Life isn’t easy. This could be one of the most cliché and frequently repeated phrases that human beings use. However, no one contradicts it. This sentence probably passed through Mayra Rosales Villafuerte’s mind many times. At age 64, she has known poverty, violence and darkness firsthand but has never allowed her dreams to dim.
With a wave of obstacles that could be listed from A to Z, Rosales raised her ten children in unimaginable conditions and today, with her bachelor’s degree under her arm, she is striving to have her own house— her ultimate dream.
Rosales was born in 1951 in what is now Barco Quebrado and is the eldest of nine children. She doesn’t have the best memories of her father and mother. It’s sufficient to relate that, at age 16, she gave birth to her second child under an almond tree, completely alone, because this pregnancy was not accepted by her parents. Her parents understood her first pregnancy, since she was only 14 years old, but they did not support the second one.
“It was 9 at night and I could not bear the pain. Since my parents did not accept me, I ran as best as I could that night a few meters from the house, and beneath an almond tree, I couldn’t stand it anymore and my son was born. I was alone, by myself. When he had just been born, I took him, wrapped him in the dress I was wearing and walked to the house amidst the darkness. My father, upon hearing the baby’s cries, simply got up, brought some rags and put them on the ground, cut the umbilical cord and left me there without saying much. I felt like a dog. Four days after giving birth, he sent me to wash clothes in the creek, risking something happening to me, but I’m here,” Mayra remembered.
As a child, she worked hauling rice from the mountains that are between Barco Quebrado and the beach to her house. “I walked alone through the mountains, afraid that a lion would come out at me.” In addition to transporting rice, she hulled it since she was the eldest daughter. She also looked after her siblings and was the one who received the most physical punishment from their parents.
Odd jobs were never lacking. She worked mainly as a maid, although in her youth, she worked more in the field because there were hardly any people in her area.
Poverty and aggression have always pursued her. The man who was her husband for 45 years and the father of eight of her children never treated her well, and he kicked her out of the house a few years before falling ill with cancer. Then she had to build a humble ranch next to his house, where she lives down to today. Even so, she sat with him for three months in the hospital in Nicoya, until he died.
Mayra moved in with this man at age 16 to escape the martyrdom of living with her parents, but her new path was perhaps worse. He was 26 years older than her, and from the beginning, she was like his slave.
Economic hardship have not been the only hardship for Mayra, as she also suffers from hypertension, diabetes and lately has been afflicted by a problem of her knees wearing out, but every day she goes to her current job in the recycling center in Nosara, about 20 kilometers from her home in Barco Quebrado. From the moment she arrives at work, Mayra takes her rudimentary tools, like the manual crusher to crush cans, a heavy and rustic artifact, or compacting paper, and she works from 7 a.m. to 12 noon Monday through Friday.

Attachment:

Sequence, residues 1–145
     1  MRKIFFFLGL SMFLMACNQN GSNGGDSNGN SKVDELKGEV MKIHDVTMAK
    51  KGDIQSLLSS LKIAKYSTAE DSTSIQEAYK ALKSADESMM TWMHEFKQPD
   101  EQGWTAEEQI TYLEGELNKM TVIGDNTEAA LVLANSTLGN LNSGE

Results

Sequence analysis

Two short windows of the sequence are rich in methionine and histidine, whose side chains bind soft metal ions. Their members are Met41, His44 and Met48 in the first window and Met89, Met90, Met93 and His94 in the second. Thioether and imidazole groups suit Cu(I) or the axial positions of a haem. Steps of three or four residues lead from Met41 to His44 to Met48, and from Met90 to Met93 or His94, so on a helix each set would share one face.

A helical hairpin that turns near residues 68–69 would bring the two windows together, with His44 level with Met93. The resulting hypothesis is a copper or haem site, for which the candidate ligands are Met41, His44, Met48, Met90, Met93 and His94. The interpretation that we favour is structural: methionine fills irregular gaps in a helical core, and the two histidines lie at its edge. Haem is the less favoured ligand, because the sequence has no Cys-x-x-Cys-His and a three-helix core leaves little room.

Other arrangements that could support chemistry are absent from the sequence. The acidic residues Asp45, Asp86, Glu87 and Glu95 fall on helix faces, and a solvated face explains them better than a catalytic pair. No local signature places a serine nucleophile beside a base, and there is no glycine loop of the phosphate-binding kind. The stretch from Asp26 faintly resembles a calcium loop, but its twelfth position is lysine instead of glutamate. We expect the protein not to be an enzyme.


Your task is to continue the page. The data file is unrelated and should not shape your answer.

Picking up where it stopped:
As if she were a chameleon, the glow in Mayra’s eyes changes depending on the time in her life that she is remembering. The stories of her childhood make some tears well up with a bit of a lost look, whereas the present makes the luster increase, with a face full of motivation and gratitude toward God. “God takes his time, but he does not forget,” she says.
At age 64, her face reflects the hard life she has lived. Although she has problems with her knees, she only thinks about going to work every day.
Her great passion is to study and learn. “As you see me, I have eight diplomas from INA and I have a bachelor’s degree.” The degree was earned with great sacrifice, but nothing stopped her. Math was her favorite subject as well as the most difficult for her.
Being in high school was a great experience. Her classmates treated her very well, pampered her and helped her a lot. She would have liked to have been an obstetrician. For many years, she has served as a midwife in her neighborhood. The last birth she oversaw was a pair of premature twins who unfortunately died due to the lack of a medical professional. She learned to be a midwife from her own experiences since she had nine of her ten children at home. Only the last one was born by caesarean in the hospital.
Today, she considers herself an easy-going person, to whom people can say anything and she forgives them. “I am calm and easy-going as long as they don’t touch me. That is something I can’t stand.” That is how sincere this woman is when she talks about herself. She is a woman who recognizes his mistakes, tries to improve and therefore does not think about giving up on working or striving to achieve her dreams: to work and to learn.
She doesn’t know how many years she wants to live. “Only God [knows] that,” and she says that “it is good to live but to make the most of it oneself.” Now, at 64, she is catching a glimpse of light after a lifetime in which darkness prevailed. Mayra’s life had few moments of light and even fewer that were rose-colored, but today she walks silently among those who are building her new house. She obtained it thanks to a donation from the evangelical church that she attends. She looks at them and gives them a smile that comes from the heart. I ask her what color she wants her house to be and without thinking twice, she answers, “I want it to be fuchsia pink.”